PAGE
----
Sunday, August 5, 2007

Another Article on PP

Thanks to my "news source" for keeping an eye out for media coverage of the Park.
Here is the latest.

Old trees delay Pioneer face-lift
Landmarks panel wants to see if the poplars can be saved
By Rosemary Winters
The Salt Lake Tribune
Salt Lake Tribune
Article Last Updated:08/02/2007 12:54:46 AM MDT

Renovation of Pioneer Park will have to wait until Salt Lake City's Historic Landmark Commission signs off on the removal of 30 old trees.
The commissioners voted unanimously Wednesday to approve the $1.4 million project - save for the lost trees. They asked to see a report prepared by Urban Forester Bill Rutherford before deciding whether the trees should be removed.
During the meeting, Rutherford said he supported taking out the trees, including 16 aging poplars that pose a safety hazard because their limbs are prone to break. Another 14 need to go to make way for a wide boardwalk planned to ring the park's interior edge.
The city plans to plant 68 new trees, mostly ash that can thrive on less water than poplars.
Project manager Dell Cook hoped the commission's ruling won't delay construction, which is scheduled to begin in October after Saturday Downtown Farmers Market closes.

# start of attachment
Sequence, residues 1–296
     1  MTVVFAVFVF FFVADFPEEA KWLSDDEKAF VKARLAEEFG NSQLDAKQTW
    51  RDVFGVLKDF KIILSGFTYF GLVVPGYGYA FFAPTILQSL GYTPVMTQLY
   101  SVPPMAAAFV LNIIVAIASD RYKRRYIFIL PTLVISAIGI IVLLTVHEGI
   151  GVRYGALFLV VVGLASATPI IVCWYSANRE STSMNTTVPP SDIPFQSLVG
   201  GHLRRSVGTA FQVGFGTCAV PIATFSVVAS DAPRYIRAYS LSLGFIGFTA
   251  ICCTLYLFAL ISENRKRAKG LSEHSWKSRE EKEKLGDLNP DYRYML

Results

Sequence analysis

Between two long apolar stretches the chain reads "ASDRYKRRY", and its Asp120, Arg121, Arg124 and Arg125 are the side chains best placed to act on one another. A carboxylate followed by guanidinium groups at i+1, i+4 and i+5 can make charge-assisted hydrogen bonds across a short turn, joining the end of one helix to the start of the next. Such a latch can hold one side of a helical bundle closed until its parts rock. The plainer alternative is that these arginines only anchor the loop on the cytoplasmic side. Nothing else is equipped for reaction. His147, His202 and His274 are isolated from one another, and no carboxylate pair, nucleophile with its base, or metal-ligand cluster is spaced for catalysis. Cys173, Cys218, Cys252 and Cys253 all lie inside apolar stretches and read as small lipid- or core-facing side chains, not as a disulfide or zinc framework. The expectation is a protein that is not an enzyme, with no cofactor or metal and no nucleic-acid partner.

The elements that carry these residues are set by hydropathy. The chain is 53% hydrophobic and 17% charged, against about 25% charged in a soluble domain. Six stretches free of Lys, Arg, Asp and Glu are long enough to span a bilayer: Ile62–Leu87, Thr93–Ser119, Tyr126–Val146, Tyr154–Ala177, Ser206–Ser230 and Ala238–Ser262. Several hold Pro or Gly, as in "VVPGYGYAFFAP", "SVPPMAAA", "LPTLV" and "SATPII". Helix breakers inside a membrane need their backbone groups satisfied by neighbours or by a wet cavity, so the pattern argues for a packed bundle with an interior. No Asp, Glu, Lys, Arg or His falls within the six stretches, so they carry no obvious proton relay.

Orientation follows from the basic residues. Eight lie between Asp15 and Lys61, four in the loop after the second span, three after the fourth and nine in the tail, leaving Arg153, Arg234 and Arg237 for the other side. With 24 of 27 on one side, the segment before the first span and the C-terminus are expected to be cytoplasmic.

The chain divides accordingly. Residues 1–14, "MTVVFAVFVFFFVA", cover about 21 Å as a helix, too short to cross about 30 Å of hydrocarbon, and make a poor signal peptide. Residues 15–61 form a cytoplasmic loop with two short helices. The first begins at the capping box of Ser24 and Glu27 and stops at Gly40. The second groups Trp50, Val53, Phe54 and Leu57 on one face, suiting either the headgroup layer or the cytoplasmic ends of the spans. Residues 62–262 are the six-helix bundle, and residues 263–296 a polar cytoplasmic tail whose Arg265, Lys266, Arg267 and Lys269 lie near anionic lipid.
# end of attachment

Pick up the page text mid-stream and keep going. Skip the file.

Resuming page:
Other park improvements - including benches, two entry plazas and an electrical power upgrade to accommodate the market - are expected to be done before the market return in June.
Although the landmark commission does not control funding for the cash-strapped project, Wednesday's hearing provided a forum to speak out about a now-shelved amenity: a dog park.
Two residents voiced support for an off-leash area at Pioneer.
Amanda Moore, who lives in the Fairpark neighborhood, said an influx of dog walkers would provide the park, often a haven for drug addicts, a safer environment.
"We would love to have [another] dog park on the west side" of the city, she told the commission.
The off-leash area was supposed to be part of this initial face-lift. But Cook said in an interview that the $1.4 million available will not stretch far enough for the $73,00s0 pooch playground - or for new lighting - unless the City Council allocates more funds or if he doesn't have to dive into all the contingency funds built into the budget.
The City Council could fill the gap when it reviews its capital-improvements budget, according to the council's policy analyst Jennifer Bruno. That meeting is tentatively scheduled for Aug. 21.
From 1847 through 1848, the park site was home to the first Mormon pioneer settlement, known simply as "Old Fort."
Esther Hunter, a member of the Historic Landmark Commission, expressed disappointment that educational features planned for Pioneer Park, including a heritage garden, are not part of the present renovation.
Salt Lake City resident Michael DeGroote encouraged the commission to conduct archaeological research at the site to see if the location of any of the fort's original structures can be found.